A recently discovered Artemisia Gentileschi painting will be auctioned in November.
Artemisia Gentileschi, Lucretia, ca. 1630. Est. €600,000–€800,000 ($656,000–$875,000). Courtesy Artcurial.
A recently discovered Artemisia Gentileschi painting depicting the Roman heroine Lucretia will hit the auction block on November 13th. According to Paris auction house Artcurial, the painting has been in the same private collection in Lyon for the past 40 years. Gentileschi created the painting, titled Lucrèce (Lucretia), in the 1630s; it is estimated to sell for between €600,000 and €800,000 ($656,000–$875,000).
In a statement, Matthieu Fournier, director of Artcurial’s Old Master and 19th century department, said:
It is a privilege to discover a subject like this, painted by an artist as legendary as Artemisia Gentileschi. The exceptional state of preservation of this painting makes it a unique work.
Another depiction of Lucretia by Gentileschi sold at auction for €1.9 million ($2.2 million) last October, more than doubling its high estimate of €700,000 ($813,000). The Baroque painter is particularly well known for depicting female protagonists from biblical and mythological stories, most famously in Judith Slaying Holofernes (ca. 1620). Lucretia is a similarly strong figure, whose rape by an Etruscan king and subsequent suicide in protest of her innocence helped spark the revolution that led to the founding of the Roman Republic. Aside from the painting sold last October and the one to be sold this November, two further depictions of the heroine attributed to Gentileschi are in the Etro Collection in Milan and the Museo de Capodimonte in Naples.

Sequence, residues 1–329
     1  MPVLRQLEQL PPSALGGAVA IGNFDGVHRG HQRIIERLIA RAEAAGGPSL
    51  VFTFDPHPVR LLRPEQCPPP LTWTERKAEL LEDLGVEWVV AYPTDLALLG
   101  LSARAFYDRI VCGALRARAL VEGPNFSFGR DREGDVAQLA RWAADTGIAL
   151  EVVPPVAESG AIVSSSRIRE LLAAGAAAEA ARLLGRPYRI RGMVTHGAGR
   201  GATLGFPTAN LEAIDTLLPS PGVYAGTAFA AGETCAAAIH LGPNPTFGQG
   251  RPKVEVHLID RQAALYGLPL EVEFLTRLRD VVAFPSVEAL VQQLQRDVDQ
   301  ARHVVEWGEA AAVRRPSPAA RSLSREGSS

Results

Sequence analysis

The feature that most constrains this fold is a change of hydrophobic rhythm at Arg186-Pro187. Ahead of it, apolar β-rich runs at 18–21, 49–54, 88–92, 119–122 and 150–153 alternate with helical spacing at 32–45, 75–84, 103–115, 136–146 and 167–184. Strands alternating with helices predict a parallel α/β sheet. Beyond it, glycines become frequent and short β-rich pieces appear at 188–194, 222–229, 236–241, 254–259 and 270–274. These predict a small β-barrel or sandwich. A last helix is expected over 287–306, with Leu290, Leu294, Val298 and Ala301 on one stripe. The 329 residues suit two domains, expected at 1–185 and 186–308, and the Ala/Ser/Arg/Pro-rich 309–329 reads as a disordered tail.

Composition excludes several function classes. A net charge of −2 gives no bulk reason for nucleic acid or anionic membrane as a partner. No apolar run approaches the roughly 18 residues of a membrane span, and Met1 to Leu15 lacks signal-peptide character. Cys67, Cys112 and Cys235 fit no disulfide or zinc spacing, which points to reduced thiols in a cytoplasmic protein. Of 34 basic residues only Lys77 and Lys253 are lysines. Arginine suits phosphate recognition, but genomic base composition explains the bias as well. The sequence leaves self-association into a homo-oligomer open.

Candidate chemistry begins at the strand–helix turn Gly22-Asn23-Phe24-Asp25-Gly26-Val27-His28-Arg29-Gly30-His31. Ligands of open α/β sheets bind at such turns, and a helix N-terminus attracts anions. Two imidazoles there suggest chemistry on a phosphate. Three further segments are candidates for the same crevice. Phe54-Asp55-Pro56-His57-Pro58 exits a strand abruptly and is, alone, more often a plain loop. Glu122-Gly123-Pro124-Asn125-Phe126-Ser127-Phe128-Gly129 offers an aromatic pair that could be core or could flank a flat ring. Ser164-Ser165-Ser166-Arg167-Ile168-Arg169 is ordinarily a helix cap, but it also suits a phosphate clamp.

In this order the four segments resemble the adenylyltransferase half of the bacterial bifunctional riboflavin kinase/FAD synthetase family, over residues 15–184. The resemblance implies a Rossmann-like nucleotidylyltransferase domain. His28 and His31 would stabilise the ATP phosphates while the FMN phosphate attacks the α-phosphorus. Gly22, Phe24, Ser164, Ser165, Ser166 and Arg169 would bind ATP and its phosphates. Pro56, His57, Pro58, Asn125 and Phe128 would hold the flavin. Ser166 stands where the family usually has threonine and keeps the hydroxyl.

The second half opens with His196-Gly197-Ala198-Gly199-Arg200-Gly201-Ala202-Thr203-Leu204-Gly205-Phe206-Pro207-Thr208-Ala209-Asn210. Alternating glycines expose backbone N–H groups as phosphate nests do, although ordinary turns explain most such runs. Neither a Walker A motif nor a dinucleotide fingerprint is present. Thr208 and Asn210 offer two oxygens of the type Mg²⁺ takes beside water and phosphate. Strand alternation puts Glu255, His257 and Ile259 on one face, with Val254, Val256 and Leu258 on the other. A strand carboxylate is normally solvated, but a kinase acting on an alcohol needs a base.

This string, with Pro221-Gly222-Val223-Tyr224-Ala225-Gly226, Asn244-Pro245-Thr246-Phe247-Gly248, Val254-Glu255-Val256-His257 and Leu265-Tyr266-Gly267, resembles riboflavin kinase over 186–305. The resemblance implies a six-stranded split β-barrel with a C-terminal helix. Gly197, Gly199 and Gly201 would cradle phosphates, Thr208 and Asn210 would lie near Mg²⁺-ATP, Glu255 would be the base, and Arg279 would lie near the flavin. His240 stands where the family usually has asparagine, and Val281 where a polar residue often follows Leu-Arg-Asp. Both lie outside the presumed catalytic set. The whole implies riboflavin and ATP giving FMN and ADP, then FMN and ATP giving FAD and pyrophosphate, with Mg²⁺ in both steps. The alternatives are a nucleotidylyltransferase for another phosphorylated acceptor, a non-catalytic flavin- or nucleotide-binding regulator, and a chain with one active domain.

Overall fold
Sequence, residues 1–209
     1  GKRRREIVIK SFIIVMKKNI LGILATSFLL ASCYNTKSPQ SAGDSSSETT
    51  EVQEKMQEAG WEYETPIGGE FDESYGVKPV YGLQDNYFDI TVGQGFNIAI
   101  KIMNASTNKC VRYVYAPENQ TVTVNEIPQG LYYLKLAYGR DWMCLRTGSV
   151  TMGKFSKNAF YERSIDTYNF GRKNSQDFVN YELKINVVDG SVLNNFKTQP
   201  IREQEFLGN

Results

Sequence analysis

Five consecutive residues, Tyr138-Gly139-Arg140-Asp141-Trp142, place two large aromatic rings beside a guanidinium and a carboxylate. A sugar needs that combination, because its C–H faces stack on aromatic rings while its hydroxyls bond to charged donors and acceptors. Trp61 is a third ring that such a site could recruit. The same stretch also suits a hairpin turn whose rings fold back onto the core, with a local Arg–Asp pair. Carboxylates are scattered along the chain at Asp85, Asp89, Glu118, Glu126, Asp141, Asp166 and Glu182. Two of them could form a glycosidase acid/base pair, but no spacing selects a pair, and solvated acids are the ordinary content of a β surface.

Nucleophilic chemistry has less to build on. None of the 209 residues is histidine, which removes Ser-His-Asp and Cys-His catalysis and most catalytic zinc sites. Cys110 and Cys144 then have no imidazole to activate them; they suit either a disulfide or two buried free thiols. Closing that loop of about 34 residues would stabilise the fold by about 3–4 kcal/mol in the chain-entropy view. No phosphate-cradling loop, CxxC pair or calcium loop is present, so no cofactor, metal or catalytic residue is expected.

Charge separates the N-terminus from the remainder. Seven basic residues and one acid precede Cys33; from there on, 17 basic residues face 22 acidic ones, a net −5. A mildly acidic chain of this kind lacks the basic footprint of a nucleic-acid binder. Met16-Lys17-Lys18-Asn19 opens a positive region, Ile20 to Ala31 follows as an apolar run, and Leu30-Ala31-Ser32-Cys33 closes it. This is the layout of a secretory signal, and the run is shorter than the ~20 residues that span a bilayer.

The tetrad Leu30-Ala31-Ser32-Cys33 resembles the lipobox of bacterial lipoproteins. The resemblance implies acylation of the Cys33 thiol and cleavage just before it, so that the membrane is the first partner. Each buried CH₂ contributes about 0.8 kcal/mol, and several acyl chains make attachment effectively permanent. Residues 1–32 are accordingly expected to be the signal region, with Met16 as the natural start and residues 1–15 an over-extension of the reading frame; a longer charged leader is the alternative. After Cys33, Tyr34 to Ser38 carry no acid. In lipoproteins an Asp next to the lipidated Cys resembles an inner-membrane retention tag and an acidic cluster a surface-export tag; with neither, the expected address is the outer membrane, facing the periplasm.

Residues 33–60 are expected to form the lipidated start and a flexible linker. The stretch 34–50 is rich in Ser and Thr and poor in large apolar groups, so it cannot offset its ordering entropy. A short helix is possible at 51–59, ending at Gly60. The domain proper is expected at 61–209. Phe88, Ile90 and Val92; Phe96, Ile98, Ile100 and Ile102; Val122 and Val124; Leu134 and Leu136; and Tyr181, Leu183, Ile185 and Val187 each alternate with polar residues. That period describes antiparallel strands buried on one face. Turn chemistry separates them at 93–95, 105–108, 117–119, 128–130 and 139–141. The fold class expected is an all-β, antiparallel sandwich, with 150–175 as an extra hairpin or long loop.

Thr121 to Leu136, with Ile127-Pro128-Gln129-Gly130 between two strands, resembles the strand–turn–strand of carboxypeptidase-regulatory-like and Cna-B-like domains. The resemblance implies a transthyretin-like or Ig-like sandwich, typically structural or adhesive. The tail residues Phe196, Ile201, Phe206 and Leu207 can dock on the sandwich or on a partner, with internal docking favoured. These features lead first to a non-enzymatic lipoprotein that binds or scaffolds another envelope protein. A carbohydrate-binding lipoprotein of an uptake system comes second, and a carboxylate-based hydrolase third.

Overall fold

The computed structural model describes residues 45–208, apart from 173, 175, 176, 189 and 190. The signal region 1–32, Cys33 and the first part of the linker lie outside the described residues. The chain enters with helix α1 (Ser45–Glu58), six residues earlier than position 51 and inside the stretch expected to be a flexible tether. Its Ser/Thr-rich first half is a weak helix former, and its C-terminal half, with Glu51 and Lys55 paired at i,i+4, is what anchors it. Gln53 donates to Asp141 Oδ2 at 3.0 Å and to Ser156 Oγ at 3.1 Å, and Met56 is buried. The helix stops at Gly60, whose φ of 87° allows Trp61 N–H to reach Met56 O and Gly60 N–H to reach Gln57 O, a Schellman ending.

Gentileschi is perhaps the most well-known female Italian Baroque painter, and her recent surge in the art market has coincided with the #MeToo movement. Last year, she became the first female artist in 27 years to enter the collection of London’s National Gallery when the institution acquired her Self Portrait as Saint Catherine of Alexandria (ca. 1615–17) for £3.6 million ($4.7 million). The National Gallery will hold a major exhibition of her work next year.